"The share of American workers who live in households with no vehicles yet nonetheless drive alone to work grew from 20.4 percent in 2014 to 20.9 percent in 2015, according to the latest American Community Survey. This growth came at the expense of slight declines in carpooling, transit, work-at-homes, and “other” (taxi, bicycle, motorcycle), while walking to work increased slightly. No one knows for certain how people with no cars drive alone to work . . . "
Lack of imagination. I used to on occasion liberate a vehicle from its drudgeries owners grasp. Then drive to work, before heading back to drive the vehicle home to its unfortunate slavery. Ok, maybe I made some of that up. The car was my parents, I had a job but was too young (14) for a license, and I didn't want to ride my bike, so I liberated the spare car. Worked like a charm, until I was caught, then my dad "taught me how to drive" by sitting next to me as I drove down the freeway, and pronounced me fit to drive. I got a license two years later.
And I really can't see stealing a car to commute to work. Joyriding, sure, work, no.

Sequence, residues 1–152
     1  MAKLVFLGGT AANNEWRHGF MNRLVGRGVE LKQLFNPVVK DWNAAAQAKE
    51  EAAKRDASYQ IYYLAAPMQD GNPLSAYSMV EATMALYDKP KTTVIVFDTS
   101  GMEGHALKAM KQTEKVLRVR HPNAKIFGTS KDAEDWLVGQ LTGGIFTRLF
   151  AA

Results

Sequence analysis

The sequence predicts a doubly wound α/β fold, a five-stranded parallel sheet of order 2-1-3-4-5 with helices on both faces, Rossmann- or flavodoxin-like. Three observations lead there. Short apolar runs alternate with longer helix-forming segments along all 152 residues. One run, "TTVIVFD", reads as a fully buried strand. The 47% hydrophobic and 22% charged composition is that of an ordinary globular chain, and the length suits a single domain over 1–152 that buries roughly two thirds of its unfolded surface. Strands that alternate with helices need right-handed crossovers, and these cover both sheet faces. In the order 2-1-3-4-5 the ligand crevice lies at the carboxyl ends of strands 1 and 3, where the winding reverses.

"No one knows for certain how people with no cars drive alone to work, but most probably use employer-supplied vehicles." I probably should have included the fin de sentence.
"Only 4.5 percent of American workers live in households with no vehicles, a share that remained stable from 2014 to 2015. Nearly a third of them are in the New York urban area. Outside of the New York area, the only places with double-digit vehicle-less households tend to be in the Boston,
San Francisco-Oakland, and Washington, DC urban areas.
In some urban areas, the share of workers in households with no vehicles who drive alone to work is higher than the share who use transit. To name a few, these include Albuquerque, Dallas-Ft. Worth, Houston, Nashville, Phoenix, Sacramento, and San Jose. This suggests that the money some of these areas have spent on transit hasn’t done much to help people who don’t have cars."
Like the city, transit was a mistake. It is now fading faster, and faster. The self drive car will likely all but kill transit except for a few odd places, like the Roosevelt tram in New York, and the Tram in Portland. Perhaps a few circular streetcar like routes will remain but even these seem like odd anachronisms in the modern world, throwbacks to 19th century Europe.
The next decade is likely to change America as fundamentally as the TV did in 1950.
To see how much New York changed watch The Naked City. In the end, this thriller contains within it a time capsule of New York two years before TV burst onto the scene, quickly drying up the street life, and forever remaking the city, and America itself.
Here is the into: